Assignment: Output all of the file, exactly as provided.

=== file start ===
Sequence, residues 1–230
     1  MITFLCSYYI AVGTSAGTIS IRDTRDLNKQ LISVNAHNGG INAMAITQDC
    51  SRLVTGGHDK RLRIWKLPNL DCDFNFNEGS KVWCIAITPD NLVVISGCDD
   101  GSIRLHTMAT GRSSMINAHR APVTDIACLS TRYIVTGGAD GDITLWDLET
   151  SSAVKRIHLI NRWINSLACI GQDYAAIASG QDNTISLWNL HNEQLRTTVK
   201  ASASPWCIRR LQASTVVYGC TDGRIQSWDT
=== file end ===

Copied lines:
Sequence, residues 1–230
     1  MITFLCSYYI AVGTSAGTIS IRDTRDLNKQ LISVNAHNGG INAMAITQDC
    51  SRLVTGGHDK RLRIWKLPNL DCDFNFNEGS KVWCIAITPD NLVVISGCDD
   101  GSIRLHTMAT GRSSMINAHR APVTDIACLS TRYIVTGGAD GDITLWDLET
   151  SSAVKRIHLI NRWINSLACI GQDYAAIASG QDNTISLWNL HNEQLRTTVK
   201  ASASPWCIRR LQASTVVYGC TDGRIQSWDT